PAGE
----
CardsFTW #88: 2024 Predictions

Plus, Synctera Heads North, Another Payment Anti-Trust Suit, and More

CardsFTW #88: 2024 Predictions
2024: New logo, new platform, new predictions!

Programming Note

You may have noticed a few formatting changes. We’ve migrated CardsFTW from Substack to our own cloud environment and are publishing with Ghost. If you want to read more about why I am making this decision, you can read more on my personal blog

2024 CardsFTW Predictions

Everyone is making predictions for 2024, and people keep asking me for mine. So here are 4 predictions for 2024 for cards.

Provider Consolidation Will Continue

Last year, we saw deals like Rize, Apto, and Bond, each being acquired by a larger payments company. In 2024, I expect the acquisition or shutdown of at least two more BAAS providers. I also expect at least two CCAAS providers to fail or be acquired. 

Early-Stage Financing Will Be Strong

Early-stage fintech funds have capital to deploy and don’t care too much about the economic cycle. If you’re funding a company today, it won’t exit for 7-10 years. We’ll be somewhere else then. In addition, I agree with Secretary Yellen: soft landing achieved. I expect a good year (barring some bizarre political situation).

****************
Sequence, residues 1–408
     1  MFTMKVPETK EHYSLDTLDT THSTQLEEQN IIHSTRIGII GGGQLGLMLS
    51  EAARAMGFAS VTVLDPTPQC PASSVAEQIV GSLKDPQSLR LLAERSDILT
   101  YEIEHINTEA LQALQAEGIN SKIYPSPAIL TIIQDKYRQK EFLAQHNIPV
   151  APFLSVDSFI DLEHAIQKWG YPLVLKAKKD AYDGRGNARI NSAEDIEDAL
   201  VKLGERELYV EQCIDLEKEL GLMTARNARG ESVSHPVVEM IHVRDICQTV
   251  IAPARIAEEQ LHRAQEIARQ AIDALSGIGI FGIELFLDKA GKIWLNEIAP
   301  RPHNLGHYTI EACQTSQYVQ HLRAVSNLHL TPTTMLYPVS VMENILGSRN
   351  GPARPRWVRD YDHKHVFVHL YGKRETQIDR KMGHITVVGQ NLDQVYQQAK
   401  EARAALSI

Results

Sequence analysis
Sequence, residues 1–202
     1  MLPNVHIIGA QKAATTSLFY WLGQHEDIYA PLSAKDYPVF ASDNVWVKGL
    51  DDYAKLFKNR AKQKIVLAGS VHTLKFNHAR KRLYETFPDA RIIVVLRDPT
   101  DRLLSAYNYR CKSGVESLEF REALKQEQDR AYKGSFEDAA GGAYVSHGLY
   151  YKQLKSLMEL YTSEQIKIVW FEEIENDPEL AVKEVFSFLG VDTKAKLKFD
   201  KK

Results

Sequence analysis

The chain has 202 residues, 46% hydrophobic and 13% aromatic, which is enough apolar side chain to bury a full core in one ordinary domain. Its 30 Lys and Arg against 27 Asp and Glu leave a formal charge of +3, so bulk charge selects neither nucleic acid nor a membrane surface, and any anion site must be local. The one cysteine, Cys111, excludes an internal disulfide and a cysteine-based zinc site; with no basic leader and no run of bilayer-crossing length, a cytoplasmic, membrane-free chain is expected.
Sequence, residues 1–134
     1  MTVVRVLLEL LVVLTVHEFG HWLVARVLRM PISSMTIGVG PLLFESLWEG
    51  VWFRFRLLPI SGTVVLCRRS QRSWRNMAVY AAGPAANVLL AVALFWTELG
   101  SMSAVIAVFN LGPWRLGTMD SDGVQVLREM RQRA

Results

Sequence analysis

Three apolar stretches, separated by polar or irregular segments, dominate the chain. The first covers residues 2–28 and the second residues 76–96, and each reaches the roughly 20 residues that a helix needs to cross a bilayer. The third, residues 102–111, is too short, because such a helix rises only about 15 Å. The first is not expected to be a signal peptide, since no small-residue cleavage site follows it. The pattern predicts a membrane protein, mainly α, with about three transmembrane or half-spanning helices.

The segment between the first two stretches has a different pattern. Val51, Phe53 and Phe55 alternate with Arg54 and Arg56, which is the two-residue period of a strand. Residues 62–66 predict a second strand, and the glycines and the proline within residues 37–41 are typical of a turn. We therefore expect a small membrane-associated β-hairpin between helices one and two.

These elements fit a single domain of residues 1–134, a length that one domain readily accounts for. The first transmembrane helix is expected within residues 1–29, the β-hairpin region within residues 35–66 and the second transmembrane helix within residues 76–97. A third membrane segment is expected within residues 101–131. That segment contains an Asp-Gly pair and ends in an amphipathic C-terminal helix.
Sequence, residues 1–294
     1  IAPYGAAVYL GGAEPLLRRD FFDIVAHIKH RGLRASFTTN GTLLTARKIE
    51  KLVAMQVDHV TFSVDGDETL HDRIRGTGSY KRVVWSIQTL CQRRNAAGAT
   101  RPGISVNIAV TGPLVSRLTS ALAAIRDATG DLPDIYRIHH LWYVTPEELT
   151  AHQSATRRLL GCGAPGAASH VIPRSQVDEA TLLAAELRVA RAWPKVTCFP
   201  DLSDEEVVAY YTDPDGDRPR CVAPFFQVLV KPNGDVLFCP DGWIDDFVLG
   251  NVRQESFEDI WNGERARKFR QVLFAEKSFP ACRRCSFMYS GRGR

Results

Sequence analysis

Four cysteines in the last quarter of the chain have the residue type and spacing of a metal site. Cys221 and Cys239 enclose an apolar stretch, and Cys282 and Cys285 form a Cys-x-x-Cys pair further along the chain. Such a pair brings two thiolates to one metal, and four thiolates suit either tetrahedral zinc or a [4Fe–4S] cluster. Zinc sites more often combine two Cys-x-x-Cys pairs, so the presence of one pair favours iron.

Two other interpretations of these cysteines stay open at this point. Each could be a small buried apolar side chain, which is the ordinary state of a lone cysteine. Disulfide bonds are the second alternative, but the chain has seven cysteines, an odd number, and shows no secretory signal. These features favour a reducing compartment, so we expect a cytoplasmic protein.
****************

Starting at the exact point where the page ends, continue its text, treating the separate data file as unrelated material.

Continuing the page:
New Credit Card Programs Will Be Everywhere

I expect more than six new consumer credit card programs to launch in fintech this year. Yes, interest rates are causing challenges. I keep saying that 2010-2020 was the decade of challenger debit. 2020-2030 will be the decade of challenger credit.

Credit Card Surcharging Will Also Be Everywhere

Sad but true, many more consumer-focused businesses will start surcharging for credit cards (e.g., a 3% acceptance fee). I don’t think businesses should do this, but I’d be curious to see someone try an in-between (e.g., 1% vs. 3%). That said, many businesses want relief, and the ubiquity of SAAS platforms that provide all of the payment routing will make this much more commonplace.

We’ll check in at the end of the year and see how I did!

Synctera Heads North

Synctera is a BAAS platform platform started out of the Diagram Ventures studio. As Diagram is a Canadian venture studio, we shouldn’t be too surprised by Synctera launching Canadian services. Other investors in Synctera include Diagram-related Portage Ventures (also Canadian) and a number of US banks, plus Mastercard.

Canadians love Coffee Crisp. I love White Cards.

There are not a lot of Canadian BAAS platforms. Canada’s banking environment is quite different than the US, with a handful of banks versus our more than 5,000. My family is Canadian, so I do have a soft spot for following this. Neo Financial, which offers a direct-to-consumer card product, provides BAAS services, as does Brim Financial, which offers its credit-cards-as-a-serivce platform in both the US and Canada.

If you want to learn more about Canadian fintech, I recommend Tal Schwartz’s Canadian Fintech newsletter at https://canadianfintech.substack.com/.

Another Anti-Trust Suit